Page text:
I found liberation in the First Noble Truth

When I became aware of the First Noble Truth in Buddhism: we all suffer – my paradigm shifted.

I spent many years blaming my self for my struggles. My beliefs were mired in self hate and powerlessness. Learning that we all suffer shifted everything. The focus moved from “what’s wrong with me” to “how can I love myself through the struggle.”

Becoming intimate with the truth that life is hard freed me up to put my energy into compassion instead of self blame. I began to understand the complexity of being human on a planet in crisis. I put my energy into social change and the practice of staying awake in the deadening routines of the mundane and the numbing force of consumerism.

Now, I spend my time culture changing. The First Noble Truth: we all suffer – was the portal to my liberation.

The healing power of a Buddhist practice:

Buddhism is a powerful spiritual perspective for healing. I found Buddhism through therapy 17 years ago. My therapist was not overt about being Buddhist, but her work with me led me to find the practice for myself forever changing my life. I understand Buddhism less as a religion and more of a perspective or practice. What it offered me at the time I stumbled upon it was a way to understand that I am not my thoughts, reactions or feelings. I had no perspective or awareness to help me ground in the face of overwhelming thoughts and feelings – many of which were filled with self hate and insecurity. Buddhism offered awareness – a perspective laden with kindness for myself and others.

Buddhism also offered a language of compassion that was not part of my reality. The practice invited me into holding myself differently – with an empathy that understood the context of why I was filled with self hatred and insecurity. For the first time in my life, I touched peace and a deep undying love for myself, both of which have become my calling in life.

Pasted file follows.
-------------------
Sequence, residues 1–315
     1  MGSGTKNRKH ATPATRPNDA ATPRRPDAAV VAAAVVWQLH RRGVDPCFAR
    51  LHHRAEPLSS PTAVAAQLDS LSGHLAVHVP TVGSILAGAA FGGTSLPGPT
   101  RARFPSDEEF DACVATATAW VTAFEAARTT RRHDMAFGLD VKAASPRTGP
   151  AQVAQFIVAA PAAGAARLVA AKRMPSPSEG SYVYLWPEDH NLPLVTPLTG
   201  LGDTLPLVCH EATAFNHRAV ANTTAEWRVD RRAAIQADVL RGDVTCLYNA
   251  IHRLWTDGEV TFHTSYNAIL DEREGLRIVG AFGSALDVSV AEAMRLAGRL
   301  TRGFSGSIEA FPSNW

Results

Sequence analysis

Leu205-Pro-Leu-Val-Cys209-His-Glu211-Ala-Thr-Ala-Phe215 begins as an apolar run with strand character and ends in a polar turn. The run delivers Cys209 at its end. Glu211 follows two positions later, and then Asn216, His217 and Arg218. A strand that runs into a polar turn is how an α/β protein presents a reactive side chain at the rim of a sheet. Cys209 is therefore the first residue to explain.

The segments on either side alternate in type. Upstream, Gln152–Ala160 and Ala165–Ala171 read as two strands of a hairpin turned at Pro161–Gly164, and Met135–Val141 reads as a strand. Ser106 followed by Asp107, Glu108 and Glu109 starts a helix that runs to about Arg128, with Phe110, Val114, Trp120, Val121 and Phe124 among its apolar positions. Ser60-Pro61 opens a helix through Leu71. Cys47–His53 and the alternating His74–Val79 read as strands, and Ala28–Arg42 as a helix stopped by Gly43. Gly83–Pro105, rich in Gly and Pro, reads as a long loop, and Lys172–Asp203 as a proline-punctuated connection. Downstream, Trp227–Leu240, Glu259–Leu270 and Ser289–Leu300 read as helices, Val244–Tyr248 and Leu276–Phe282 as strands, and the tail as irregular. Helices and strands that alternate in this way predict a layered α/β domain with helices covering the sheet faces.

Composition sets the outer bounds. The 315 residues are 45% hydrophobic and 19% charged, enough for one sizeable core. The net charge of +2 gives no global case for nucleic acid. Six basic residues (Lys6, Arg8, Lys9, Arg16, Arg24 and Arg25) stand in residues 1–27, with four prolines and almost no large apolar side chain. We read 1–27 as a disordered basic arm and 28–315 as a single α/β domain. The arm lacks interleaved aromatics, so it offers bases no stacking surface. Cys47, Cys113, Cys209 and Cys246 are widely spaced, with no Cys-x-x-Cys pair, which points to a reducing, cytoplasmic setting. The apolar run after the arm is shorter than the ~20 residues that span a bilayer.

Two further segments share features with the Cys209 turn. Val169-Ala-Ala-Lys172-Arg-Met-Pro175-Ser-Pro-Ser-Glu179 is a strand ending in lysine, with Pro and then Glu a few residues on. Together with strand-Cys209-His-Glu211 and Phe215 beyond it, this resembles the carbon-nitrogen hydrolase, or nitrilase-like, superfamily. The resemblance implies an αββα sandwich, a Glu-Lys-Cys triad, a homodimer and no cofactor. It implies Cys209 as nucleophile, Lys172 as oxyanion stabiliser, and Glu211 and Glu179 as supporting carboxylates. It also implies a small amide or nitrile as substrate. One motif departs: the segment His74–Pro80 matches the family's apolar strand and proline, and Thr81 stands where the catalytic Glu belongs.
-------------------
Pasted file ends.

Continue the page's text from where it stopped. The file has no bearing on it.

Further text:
Emotions as Allies

Conventional thought about emotions is that they need to be medicated, managed or overcome. This sets up a dynamic of dominance with our inner experience. We can change our relationship to emotions by considering them information and guideposts helping us navigate the world. In other words, they are allies. Emotions tell us when we are safe, when we need to let go and when we need to set a boundary.

Emotions get a bad wrap – thought of as a weakness or the opposite of logic. When the truth is: emotions inform our logic – they work together. When we are operating solely out of our emotional brain, it’s information that we are triggered. The pre-fontal cortex or logical brain is off line and the flight/fight/freeze response is activated. When paired, logic provides the cognitive context of our emotional experience, and emotions – the feelings about our cognitions. If we are conditioned to think about emotions as weak, then we reject our inner experience leaving us without valuable information about our reality. If we operate solely through logic, we are missing a whole dimension of information. Logic is what robots are trained to perform. The combination of logic and emotion is uniquely human.